I had decided after a year of this that I had finally had enough and went about getting an appointment with a consultant as rehab, no matter how much effort or dedication I applied to it, was no longer helping and I had changed a number of aspects in my life that I would never have even had to give a second thought about previously. Upon meeting the specialist and getting an MRI I had found out that i had a piece of cartilage that had calcified in the center of the joint as well as a piece of cartilage on the medial edge of the joint that had torn away from the joint line. This was not the worst case scenario and key hole surgery was possible so I agreed to a date there and then. I decided to get it done the summer before third year as that was when my placement began and I needed to be able to walk and stand and just move to do it. So i gave up Summer to be alright for the coming college year. I entered the day of surgery and wasn’t nervous. I had learned a lot already and knew what they were going to do to my ankle. I was more impatient if anything. They rolled me in to the anesthetists and nearly as soon as I remember being wheeled in I was awake back in my corner of the ward post surgery. I began to come to and the pain hit me like a truck at first. Each pulse seemed like agony and it felt like someone raised the temperature in that one ward by about 20 degrees.

My doctor soon came over to me and told me the physiotherapist would be with me soon to talk everything out. I honestly only picked up every second word because I had finally noticed the massive full length leg boot I had on. He only stayed a short time but he told me it was a success and that he would see me in a week. I waited around for my dad to show up and take me away so I fiddled around on my phone and let everyone I knew know that that I was out and in a lot of pain. The physiotherapist came to show me how to use my crutches, little did she know I was a seasoned expert at them by now. I feel bad for her now looking back as I was standing and straight over to the bathroom before she even got a chance to fully explain it all. I got my tea and toast and eventually my dad arrived. I was still feeling the effects of the pain and drugs so I didn’t even realise how long I had been under for. I arrived home and went to sleep or at least what sleep was with a massive boot on your leg. My first real day began with me slipping down the stairs as I fell trying to get myself to the bathroom and me having to go to Shannon Doc to get stronger pain medication. Three days later my letter describing the surgery arrived and I read exactly what had occurred. My key hole surgery of one hour had turned into a four and a half hour surgery involving the removal of cartilage, removal of a bone growth, reconstruction of my Deltoid ligament complex and removal of excess tissue from around my Achilles. I had yet to open my boot so after reading my letter I did to notice I had more than just two dots as scars of my surgery.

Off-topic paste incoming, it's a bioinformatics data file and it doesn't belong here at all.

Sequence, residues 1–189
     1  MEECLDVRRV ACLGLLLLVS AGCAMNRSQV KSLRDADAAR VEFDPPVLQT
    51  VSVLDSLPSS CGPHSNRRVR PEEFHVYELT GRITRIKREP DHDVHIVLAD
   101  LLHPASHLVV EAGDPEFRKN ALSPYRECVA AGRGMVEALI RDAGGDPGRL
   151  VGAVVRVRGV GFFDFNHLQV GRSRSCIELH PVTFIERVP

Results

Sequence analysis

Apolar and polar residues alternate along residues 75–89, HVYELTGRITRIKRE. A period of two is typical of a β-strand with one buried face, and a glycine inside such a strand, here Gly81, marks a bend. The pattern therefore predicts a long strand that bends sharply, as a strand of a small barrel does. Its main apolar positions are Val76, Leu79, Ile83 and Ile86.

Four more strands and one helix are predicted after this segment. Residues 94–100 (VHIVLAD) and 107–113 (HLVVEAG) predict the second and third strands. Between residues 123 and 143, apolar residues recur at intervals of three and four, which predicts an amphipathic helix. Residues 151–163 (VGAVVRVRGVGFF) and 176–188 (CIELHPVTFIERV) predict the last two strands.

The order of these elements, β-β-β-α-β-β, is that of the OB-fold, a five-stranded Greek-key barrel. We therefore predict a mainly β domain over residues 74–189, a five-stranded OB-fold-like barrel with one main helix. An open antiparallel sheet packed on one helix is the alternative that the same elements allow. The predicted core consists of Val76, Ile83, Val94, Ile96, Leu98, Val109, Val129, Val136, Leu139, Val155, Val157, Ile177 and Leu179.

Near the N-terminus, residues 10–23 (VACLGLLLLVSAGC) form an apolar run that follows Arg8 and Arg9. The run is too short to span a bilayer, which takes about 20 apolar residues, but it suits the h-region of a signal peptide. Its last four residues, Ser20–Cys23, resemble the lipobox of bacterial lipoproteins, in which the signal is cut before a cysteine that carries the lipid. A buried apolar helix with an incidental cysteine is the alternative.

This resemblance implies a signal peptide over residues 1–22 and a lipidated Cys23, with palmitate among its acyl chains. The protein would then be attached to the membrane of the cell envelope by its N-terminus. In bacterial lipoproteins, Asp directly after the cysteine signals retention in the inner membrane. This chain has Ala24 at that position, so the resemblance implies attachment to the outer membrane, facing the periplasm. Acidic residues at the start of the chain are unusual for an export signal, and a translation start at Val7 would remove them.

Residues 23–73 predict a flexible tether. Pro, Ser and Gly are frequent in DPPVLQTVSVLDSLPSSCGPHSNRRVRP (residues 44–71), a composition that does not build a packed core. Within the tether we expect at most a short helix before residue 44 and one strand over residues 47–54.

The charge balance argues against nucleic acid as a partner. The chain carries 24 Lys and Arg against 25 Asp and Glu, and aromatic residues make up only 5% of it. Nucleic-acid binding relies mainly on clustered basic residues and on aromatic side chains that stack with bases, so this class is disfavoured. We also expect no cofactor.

My plan slightly backfired so I did rehab and work throughout the Summer but it took 6 months before I was back walking again. Thankfully at this point I was deep into the rehab phase and almost back to normal. Normal sadly did not mean I was able to return to the gym or rugby yet with another 6 months of mobility, balance and strength work needed before I was at the point where I could comfortably enjoy a gym session or a long walk again. I finished out my last year of college and just recently started to play rugby again. My body still remembers what to do but its a few steps behind what my brain demands from it. I still have difficulty and am sore to some degree but in comparison to where I was, where walking was near impossible for long periods, its like a whole different world. Looking back as a qualified health practitioner now I can barely believe the way I went about things. I refused to take proper care of myself and even held onto the belief that because of what my course was, that I knew how to sort my problems. Present me can scarcely believe my naivety but it also gave me a perspective on what pain and injury was and how people view their injuries and themselves while injured. Sort of like a person who has never been to a certain location can never truely describe it, long term and chronic injury is very much a unique journey for everyone. Im glad that my road to recovery has come to its end but now the road to performance has only started.